Old School Animation required that every scene be "laid out" or prepared for animation. So, after the storyboard had been completed, it was sent to the director and layout department at the same time. This was an undesirable situation brought on by time constraints. Ideally, the director should time the storyboard to the recording session and edit down the board to the time available. Invariably, the recording or the storyboard was longer than necessary. The director could cut the storyboard down to the correct length and THEN send it on to Layout.
This procedure would, obviously, save time and money but with deadlines looming and staff artists waiting, the storyboard was rushed into layout. The Layout Supervisor (Me) would "break-down" the board for layout by dividing it into background areas. Dockyards, country road, Hideout exterior and interiors, old mining shaft, etc. If a section contained a lot of scenes, it would be broken down into two or more edible lengths of about thirty scenes (a weeks work). If a background area was short, like 8 scenes or so, it would be combined with other smaller sections to make up a week's worth of labor. This was done so the background areas would match with each other. If two sections in the same area were handed out without background design elements or plans, the result would be two completely different designs of the same section. I often "plotted" out the interior of a structure so that the artist would know where each room inside were located along with exit doors. This kept confusion down and the screen direction logical.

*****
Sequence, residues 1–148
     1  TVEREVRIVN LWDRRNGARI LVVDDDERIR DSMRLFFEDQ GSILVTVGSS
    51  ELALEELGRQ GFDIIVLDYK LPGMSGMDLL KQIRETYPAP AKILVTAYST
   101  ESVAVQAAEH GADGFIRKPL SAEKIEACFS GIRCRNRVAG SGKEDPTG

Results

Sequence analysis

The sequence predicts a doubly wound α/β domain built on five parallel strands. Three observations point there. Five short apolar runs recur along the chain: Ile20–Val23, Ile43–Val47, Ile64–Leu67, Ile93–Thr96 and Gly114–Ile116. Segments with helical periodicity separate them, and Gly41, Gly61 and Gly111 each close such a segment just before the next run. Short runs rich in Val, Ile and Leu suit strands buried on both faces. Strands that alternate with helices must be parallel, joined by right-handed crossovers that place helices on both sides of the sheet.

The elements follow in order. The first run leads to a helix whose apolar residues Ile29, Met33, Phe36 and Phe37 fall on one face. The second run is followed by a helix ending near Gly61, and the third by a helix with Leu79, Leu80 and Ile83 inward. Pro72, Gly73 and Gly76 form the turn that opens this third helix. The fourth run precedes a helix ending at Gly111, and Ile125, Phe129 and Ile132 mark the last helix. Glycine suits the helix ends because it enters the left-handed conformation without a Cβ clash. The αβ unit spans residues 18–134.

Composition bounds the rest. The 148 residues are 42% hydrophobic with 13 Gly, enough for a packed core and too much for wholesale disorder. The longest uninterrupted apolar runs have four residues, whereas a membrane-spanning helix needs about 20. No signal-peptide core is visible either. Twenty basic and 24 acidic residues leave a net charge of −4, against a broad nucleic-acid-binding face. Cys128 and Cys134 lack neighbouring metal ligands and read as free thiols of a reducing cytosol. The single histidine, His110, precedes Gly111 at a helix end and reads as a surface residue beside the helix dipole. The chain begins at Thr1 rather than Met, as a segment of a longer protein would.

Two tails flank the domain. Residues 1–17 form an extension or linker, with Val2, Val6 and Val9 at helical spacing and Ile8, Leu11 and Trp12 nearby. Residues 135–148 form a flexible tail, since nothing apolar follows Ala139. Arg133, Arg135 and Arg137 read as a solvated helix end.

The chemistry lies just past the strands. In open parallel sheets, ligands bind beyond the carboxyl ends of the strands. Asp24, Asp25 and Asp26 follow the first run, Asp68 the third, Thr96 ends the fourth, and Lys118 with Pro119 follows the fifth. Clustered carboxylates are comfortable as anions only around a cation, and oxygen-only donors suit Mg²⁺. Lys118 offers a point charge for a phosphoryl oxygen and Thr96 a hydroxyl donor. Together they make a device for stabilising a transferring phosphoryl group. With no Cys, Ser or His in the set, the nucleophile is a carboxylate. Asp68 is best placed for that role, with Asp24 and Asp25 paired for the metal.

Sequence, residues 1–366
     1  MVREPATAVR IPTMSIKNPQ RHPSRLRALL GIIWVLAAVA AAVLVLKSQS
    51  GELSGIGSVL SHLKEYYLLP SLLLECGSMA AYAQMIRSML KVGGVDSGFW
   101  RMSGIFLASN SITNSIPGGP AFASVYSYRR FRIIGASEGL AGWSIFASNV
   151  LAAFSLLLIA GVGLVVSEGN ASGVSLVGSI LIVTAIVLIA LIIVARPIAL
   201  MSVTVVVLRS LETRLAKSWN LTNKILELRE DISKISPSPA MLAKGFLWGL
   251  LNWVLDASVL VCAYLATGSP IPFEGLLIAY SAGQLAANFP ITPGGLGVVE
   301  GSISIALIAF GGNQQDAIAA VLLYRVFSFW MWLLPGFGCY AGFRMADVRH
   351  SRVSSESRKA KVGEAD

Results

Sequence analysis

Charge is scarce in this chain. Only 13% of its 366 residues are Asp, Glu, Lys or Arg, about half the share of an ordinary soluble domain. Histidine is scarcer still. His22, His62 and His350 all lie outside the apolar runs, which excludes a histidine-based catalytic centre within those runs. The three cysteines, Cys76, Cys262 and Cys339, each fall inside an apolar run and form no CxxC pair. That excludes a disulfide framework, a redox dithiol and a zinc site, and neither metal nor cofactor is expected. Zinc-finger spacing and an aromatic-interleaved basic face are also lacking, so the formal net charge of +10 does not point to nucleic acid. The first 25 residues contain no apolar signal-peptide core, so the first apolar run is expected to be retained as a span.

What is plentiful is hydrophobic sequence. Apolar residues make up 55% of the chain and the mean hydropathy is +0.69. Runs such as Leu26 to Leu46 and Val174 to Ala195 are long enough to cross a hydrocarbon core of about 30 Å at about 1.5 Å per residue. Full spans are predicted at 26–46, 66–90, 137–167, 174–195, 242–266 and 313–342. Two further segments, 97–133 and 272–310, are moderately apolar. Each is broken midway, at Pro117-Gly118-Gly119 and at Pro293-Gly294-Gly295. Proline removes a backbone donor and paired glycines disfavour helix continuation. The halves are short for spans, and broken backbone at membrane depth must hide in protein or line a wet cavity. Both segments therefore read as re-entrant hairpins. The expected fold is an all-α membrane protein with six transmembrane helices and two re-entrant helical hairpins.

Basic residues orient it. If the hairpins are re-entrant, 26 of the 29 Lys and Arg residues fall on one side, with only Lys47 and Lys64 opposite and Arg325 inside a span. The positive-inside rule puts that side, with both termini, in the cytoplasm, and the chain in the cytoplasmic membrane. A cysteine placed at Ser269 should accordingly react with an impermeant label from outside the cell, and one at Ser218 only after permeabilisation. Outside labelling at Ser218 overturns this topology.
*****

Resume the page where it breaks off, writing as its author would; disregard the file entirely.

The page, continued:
A folder of layout drawings contained several elements. The first element was the background or "set" of each scene. The background for the scene was designed to the supposed length required. If all action or dialogue took place in one spot, a single "field" drawing sufficed. A "field was approximately ten and half inches high and twelve inches long. If a lot of walking, running or movement was required the fields would extend in length. This was called a "pan". If a chase was required, the fields would hook-up in such a way as to repeat themselves. This was a "repeat pan". The backgrounds also contained any foreground elements, a table, a tree, a fence. etc. that passed by during the chase in front of the character. This was called an "overlay". If a background contained an open door but after repeating should be closed, a door was added to the background as an "underlay". The proper use of over and underlays added depth and the illusion of space to a single background element.